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Alfred North Whitehead

Geburtstag: 15. Februar 1861
Todesdatum: 30. Dezember 1947

Alfred North Whitehead OM war ein britischer Philosoph und Mathematiker.

Bekannt wurde Alfred Whitehead durch das Standardwerk „Principia Mathematica“ über Logik, das er zusammen mit seinem langjährigen Schüler und Freund Bertrand Russell zwischen 1910 und 1913 in drei Bänden veröffentlichte. Es stellte den Versuch dar, im Sinne des logizistischen Programmes alle wahren mathematischen Aussagen und Beweise auf eine symbolische Logik zurückzuführen. Obwohl ein geplanter vierter Band nicht mehr veröffentlicht wurde und die Frage, ob der Versuch selbst erfolgreich war, weiterhin kontrovers diskutiert wird, wurde „Principia Mathematica“ zu einem der einflussreichsten Bücher der Geschichte der Mathematik und Logik.

In seiner Londoner Zeit von 1911 bis 1924 machte Whitehead sich einen Namen als Naturphilosoph, als Wissenschaftstheoretiker, als Kritiker der Ausbildung an Großbritanniens Universitäten und als Autor mehrerer Bücher über Erziehung.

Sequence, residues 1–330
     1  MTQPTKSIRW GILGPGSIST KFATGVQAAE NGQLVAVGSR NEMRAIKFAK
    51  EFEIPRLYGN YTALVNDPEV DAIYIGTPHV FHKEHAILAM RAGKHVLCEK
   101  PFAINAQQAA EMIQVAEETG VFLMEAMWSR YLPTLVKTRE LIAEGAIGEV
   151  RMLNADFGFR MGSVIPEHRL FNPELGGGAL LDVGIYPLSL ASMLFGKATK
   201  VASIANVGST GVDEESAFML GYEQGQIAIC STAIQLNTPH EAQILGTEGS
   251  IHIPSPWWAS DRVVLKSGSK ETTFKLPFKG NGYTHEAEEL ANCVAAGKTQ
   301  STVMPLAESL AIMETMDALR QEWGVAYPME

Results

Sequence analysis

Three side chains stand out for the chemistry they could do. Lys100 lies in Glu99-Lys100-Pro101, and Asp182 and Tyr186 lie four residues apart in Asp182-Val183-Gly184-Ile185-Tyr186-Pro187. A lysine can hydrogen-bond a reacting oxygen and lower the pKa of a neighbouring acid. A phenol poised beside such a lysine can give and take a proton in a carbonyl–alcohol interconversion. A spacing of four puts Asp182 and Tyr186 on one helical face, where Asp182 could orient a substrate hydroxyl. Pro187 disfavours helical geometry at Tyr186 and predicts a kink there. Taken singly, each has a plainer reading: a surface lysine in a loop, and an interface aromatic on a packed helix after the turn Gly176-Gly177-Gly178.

Nach seiner Berufung an die Harvard University im Jahr 1924 konnte er sich ganz der weiteren Ausarbeitung seiner prozessphilosophischen Metaphysik widmen. Als sein philosophisches Hauptwerk gilt „Process and Reality“ , in dem er seiner „Philosophy of Organism“ die Form gab, die später auch zur Grundlage der Prozesstheologie wurde. Darin strukturiert er auf der Grundlage der Rationalität und Kohärenz die Wirklichkeit als einen Organismus, der sich in elementaren Ereignissen vollzieht und sich in einer evolutionären Entwicklung befindet. Obwohl die philosophische Sekundärliteratur zu Whitehead umfangreich ist, ist der Einfluss seiner Metaphysik auf die akademische Philosophie bis heute bescheiden geblieben. Wikipedia

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Prozess und Realität
Prozess und Realität
Alfred North Whitehead

Zitate Alfred North Whitehead

„Wissen hält nicht länger als Fisch.“

—  Alfred North Whitehead

Kapitel VII. Universitäten und ihre Funktion. In: Die Ziele von Erziehung und Bildung, und andere Essays. Deutsch von ‎Christoph Kann und ‎Dennis Sölch. Suhrkamp TB Wissenschaft 2012, S. 150 books.google https://books.google.de/books?id=NfA7CgAAQBAJ&pg=PA150&dq=fisch Original engl.: "Knowledge does not keep any better than fish." - VII. Universities and their Function. In: The Aims of Education and Other Essays (1929). The Free Press New York, p. 98 books.google https://books.google.de/books?id=WbXs-vyWPPgC&pg=PA98&dq=fish

„Die sicherste allgemeine Charakterisierung der philosophischen Tradition Europas lautet, daß sie aus einer Reihe von Fußnoten zu Platon besteht.“